Stress on the Job: 4 Tips for Working Women

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Emails that arrive day and night, a travel schedule that interferes with family life, the age-old struggle with work-life balance — data from the American Psychological Association show that 65 percent of Americans cite work as a top source of stress. It can happen, even if you usually love your job.

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Women in particular face a unique set of challenges at work due to issues like childcare and interpersonal relationships, explains Johns Hopkins psychologist Jennifer Haythornthwaite, Ph.D. , director of the Johns Hopkins Center for Mind-Body Research .

Stress happens when there’s an imbalance between the demands of a situation and a person’s resources for managing it, says Haythornthwaite.

“Think of the brain as stress central,” she says. It’s responsible for organizing the stress response that happens throughout your body.

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Stress may be a part of life, but it doesn't have to get the best of you. Follow these everyday ways to stay calm, happy and healthy, from a Johns Hopkins expert on managing stress.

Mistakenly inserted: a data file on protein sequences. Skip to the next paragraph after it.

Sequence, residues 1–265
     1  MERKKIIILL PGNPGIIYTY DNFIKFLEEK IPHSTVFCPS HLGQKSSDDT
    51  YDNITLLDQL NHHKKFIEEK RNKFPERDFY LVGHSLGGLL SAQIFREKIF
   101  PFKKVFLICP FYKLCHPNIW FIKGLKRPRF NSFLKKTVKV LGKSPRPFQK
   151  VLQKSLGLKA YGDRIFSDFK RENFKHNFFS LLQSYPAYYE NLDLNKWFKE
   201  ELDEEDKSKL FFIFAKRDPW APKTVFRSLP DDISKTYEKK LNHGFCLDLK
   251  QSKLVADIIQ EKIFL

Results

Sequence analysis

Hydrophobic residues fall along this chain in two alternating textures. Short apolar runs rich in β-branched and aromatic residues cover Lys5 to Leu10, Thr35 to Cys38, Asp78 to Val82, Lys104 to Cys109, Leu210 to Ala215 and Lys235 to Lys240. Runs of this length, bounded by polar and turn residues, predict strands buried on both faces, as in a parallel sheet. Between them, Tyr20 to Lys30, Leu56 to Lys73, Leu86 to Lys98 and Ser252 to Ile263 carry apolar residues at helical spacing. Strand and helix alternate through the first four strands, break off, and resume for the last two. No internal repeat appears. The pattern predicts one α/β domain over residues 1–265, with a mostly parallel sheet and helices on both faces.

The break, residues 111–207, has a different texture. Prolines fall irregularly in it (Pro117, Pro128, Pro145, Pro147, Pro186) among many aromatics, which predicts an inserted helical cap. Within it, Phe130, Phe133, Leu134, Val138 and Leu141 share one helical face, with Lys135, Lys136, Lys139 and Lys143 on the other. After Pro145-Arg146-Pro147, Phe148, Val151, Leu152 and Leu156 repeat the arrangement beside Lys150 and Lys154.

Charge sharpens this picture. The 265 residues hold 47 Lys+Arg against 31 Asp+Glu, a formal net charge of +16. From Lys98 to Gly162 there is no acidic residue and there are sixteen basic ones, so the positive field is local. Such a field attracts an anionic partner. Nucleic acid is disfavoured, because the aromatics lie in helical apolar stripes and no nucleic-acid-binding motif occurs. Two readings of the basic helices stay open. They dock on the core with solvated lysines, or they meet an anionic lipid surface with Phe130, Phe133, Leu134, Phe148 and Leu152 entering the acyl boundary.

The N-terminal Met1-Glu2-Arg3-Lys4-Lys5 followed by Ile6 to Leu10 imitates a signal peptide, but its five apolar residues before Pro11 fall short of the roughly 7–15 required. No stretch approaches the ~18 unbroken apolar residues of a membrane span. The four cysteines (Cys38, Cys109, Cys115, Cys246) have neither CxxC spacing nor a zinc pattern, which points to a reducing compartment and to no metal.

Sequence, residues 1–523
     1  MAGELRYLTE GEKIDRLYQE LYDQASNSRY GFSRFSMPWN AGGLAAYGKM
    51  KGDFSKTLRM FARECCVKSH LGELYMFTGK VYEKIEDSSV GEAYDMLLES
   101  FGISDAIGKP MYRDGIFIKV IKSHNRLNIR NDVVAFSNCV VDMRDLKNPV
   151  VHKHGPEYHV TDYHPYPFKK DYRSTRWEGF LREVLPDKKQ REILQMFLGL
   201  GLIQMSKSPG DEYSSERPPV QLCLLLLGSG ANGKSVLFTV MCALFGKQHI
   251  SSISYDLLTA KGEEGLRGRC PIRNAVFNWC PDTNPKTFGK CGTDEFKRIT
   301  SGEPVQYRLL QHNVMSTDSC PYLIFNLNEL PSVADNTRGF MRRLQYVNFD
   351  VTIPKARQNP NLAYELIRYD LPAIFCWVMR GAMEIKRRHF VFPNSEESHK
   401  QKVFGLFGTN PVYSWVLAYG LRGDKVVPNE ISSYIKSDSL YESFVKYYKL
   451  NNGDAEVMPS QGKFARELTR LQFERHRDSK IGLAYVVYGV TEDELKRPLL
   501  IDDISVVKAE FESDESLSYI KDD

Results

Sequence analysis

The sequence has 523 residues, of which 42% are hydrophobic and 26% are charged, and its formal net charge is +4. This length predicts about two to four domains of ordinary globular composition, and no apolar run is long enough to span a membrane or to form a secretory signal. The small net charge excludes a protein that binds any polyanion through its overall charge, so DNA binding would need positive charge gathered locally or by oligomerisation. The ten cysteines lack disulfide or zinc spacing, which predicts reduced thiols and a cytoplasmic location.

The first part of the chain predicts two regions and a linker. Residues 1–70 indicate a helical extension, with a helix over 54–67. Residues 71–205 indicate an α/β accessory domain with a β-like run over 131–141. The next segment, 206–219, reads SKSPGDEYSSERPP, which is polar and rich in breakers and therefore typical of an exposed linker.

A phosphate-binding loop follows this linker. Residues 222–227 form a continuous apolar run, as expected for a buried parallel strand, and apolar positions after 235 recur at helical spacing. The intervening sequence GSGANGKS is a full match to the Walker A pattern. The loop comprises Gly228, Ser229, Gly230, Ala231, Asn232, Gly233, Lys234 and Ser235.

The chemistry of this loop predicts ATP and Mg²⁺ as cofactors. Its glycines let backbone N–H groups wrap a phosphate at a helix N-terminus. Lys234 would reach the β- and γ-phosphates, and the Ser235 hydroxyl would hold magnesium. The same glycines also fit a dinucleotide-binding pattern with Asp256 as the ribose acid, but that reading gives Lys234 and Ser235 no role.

The Most Common Sources of Work Stress

Stress produces physical symptoms, and many of its roots can be traced to the workplace. Here are Haythornthwaite’s top sources of on-the-job stress.

  • Work-life balance. American women are spending more hours working than ever before, leaving less time for personal obligations. Meanwhile, they shoulder a large caretaking burden, she notes. “More often than not, women are still the caretakers for children and are involved in elder care,” says Haythornthwaite. “We have caretaker obligations at both ends of the life span.”
  • Relationships. “The inflexibility of work environments is a huge stressor for women,” says Haythornthwaite. For instance, some women might want to telecommute or maintain nontraditional hours to enable them to fulfill personal obligations, but many employers still dislike flexible working arrangements. Other women struggle with pervasive issues, like sexism or discrimination.
  • Technology. Mobile devices, like laptops and smartphones, creep into our personal time. “Some people may leave the office at 6 o’clock, but they’re checking their email in bed,” says Haythornthwaite. Ever-present technology makes it more difficult for already time-strapped women to unplug from work and to have any real downtime.

4 Ways to Cope with Stress 

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